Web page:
Udine is in the first place among the four municipalities of the region for the average taxable income for IRPEF purposes (2010 data). The peculiar economic activities of the Friulian capital are mainly linked to its administrative and cultural function being the seat of the Province, Region, hospitals, banks, schools, universities and various entities and associations. The role of trade that has always characterized Udine as an emporial city of reference for all over Friuli, on the other hand, has always been gradually losing the role of industrial city, the large factories were in fact closed especially in the steel and food sector , small and medium settlements have been replaced that have found adequate spaces in the so -called Ziu or the Udinese industrial area, present south of the city.

To the heavy industry during the general decline, the model of the medium-small manufacturing company, with a generally familiar structure, deriving from the experience of craftsmanship, was successfully replaced. 

The steel industries, once present in the Friulian capital (Bertoli steel mills, Safau) moved to the Udinese hinterland (ABS of Cargnacco) or far from the capital (such as Osoppo Pittini). 

They also ceased their activities important factories from the food industry such as Birra Moretti and the bottling seat of Coca-Cola.

The large industrial plants have been replaced by a dense commercial distribution network of medium-large-sized size concentrated especially north of the city, on the so-called Tresemane or shopping road. The tertiary sector, especially in the Udinese hinterland, has reached a great economic weight and represents about 2/3 of the total employment.
There are numerous settlements of the organized and specialized large -scale distribution, 2 commercial parks and 3 hypermarkets arise in the municipal area, in the nearby municipalities of the hinterland, there are 5 shopping centers (Martignacco, Pradamano, Tavagnacco, Cassacco and Basiliano) and 7 hypermarkets.
There are also 2 large cinematographic complexes, the so -called multiplexes, respectively with 2,500 seats in 12 rooms and 2,122 seats in 11 rooms. In the city center operates a circuit of 5 rooms hosted in two multiplex cinemas with a total of 722 seats.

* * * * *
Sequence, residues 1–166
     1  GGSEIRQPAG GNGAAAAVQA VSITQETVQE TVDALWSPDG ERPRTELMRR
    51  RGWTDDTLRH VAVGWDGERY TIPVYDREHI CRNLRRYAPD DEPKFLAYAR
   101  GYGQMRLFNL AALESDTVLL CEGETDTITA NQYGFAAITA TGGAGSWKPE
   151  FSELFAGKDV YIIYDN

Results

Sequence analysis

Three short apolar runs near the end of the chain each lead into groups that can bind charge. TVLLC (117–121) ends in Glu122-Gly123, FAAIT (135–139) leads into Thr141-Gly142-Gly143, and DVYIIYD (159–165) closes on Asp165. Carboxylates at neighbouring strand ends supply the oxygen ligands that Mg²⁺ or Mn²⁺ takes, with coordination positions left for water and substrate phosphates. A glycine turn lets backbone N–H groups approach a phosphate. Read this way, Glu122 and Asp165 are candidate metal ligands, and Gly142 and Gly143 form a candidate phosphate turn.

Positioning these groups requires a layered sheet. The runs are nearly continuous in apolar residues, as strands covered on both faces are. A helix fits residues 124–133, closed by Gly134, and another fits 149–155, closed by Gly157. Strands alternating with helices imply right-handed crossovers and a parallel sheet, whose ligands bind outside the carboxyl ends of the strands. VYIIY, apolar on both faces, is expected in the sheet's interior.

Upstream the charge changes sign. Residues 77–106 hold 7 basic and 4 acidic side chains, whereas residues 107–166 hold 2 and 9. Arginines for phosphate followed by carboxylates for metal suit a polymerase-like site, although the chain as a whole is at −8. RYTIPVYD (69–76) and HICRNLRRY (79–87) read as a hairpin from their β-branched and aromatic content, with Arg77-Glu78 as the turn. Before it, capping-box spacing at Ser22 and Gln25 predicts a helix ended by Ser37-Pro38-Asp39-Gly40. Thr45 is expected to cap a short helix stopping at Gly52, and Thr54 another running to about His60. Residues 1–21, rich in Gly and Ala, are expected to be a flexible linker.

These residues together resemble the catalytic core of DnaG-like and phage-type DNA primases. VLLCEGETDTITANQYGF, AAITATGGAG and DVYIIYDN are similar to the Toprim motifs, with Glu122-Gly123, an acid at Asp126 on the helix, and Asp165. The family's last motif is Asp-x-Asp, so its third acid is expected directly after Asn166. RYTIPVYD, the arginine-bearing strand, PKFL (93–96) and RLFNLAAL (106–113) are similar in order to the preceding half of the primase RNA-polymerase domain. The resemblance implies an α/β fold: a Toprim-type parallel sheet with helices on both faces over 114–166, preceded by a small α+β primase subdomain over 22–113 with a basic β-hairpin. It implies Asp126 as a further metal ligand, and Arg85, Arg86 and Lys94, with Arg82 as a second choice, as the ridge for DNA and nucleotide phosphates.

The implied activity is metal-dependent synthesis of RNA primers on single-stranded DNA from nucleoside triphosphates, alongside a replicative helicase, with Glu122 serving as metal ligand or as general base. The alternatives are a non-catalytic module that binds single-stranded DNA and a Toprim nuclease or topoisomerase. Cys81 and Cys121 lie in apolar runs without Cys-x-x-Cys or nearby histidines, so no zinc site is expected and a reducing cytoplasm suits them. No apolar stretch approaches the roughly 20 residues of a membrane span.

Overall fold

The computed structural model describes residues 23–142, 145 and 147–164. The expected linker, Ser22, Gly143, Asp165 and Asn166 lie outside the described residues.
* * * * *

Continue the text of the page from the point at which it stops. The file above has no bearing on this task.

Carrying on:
The exhibition of Udinefiere, built in the area that housed the nineteenth -century Udinese cotton mill at Torreano in the neighboring municipality of Martignacco, also of a certain importance of a certain importance. The complex occupies an area of 240,000 m² and is equipped with 9 pavilions which with the external areas offer an exhibition area of 31,000 m². A dozen annual events take place including the international chair salon and the Modern Casa Fair. In 2006, following the merger with the Gorizia fair, Udine and Gorizia Fiere Spa was formed, overall the exhibition center has about 500,000 visitors per year.

Pamotex cotton industry in Pabianice (not existing)
Nineteenth-century Cotonificio Udinese
Madro factory of machines in Pabianice (not existing)
Bertoli factory in Udine
Pawelana factory (before) and a hotel (now) in Pabianice

Aflofarm factory in Pabianice


In the post-war period, Pabianice, shortly after Gliwice, had the largest number of various industries in Poland. The period of new economic development after 1989 significantly changed the ownership structure of industrial plants. Production areas after the nationalization of industry in Poland after World War II became the property of the Treasury or Cooperative. Currently, the vast majority of enterprises in Pabianice belong to private investors.

In 2003, almost all production activities continued to take place in areas created, organized and developed in previous periods of industry shaping in the city. They accumulate in three zones:

  • old industrial district
  • new industrial district
  • areas at the railway line

The transition from a centrally planned economy to a free market economy meant that many industrial plants in Pabianice were declined, and numerous enterprises were liquidated (Pamotex cotton industry, Madro Machine Factory, Pawelan’s Wool Industry).

The crisis of large industrial plants, especially textile combines, resulted in the shrinking of the surface of industrial areas, which in the late 1980s covered 158 ha. In 2003, the area of ​​these areas decreased to 136 ha. The purpose of the multi-hectare plots of former factory areas for the construction of shopping and service centers had a significant impact on this.

Despite the fall of many industrial plants, the light industry is still dominating. However, an important place in the branch structure is occupied by:

  • chemical industry (Pharmaceutical POLFA, Aflofarm drug factory),
  • food industry (Pamso SA meat manufacturer)
  • and electromechanical industry (Philips light bulb factory).

The branch diversity meant that the Pabianice industry did not fall into a deep crisis.

Radical changes occurred in the structure of the size of the plants. In 1989, there were about 180 state and cooperative industrial plants in the city, in which about 30,000 worked. people.

In 2003 there were about 2,200 companies employing 12,000 employees, and in 2006 there were 8554 national economy entities, i.e. 77 entities more than in 2003.

Structure of the Pabianice economic activity in 2003:

  • light industry 27%
  • chemical industry 19%f
  • ood industry 16%
  • electromechanical industry 13%
  • wood industry 7%
  • other branches 18%

After 2003, subsequent plants collapsed or were privatized or transformed into companies.
The budget income in 2010 per capita amounted to PLN 2062.52, while five years later in 2015 this income amounted to PLN 2431.27 per capita.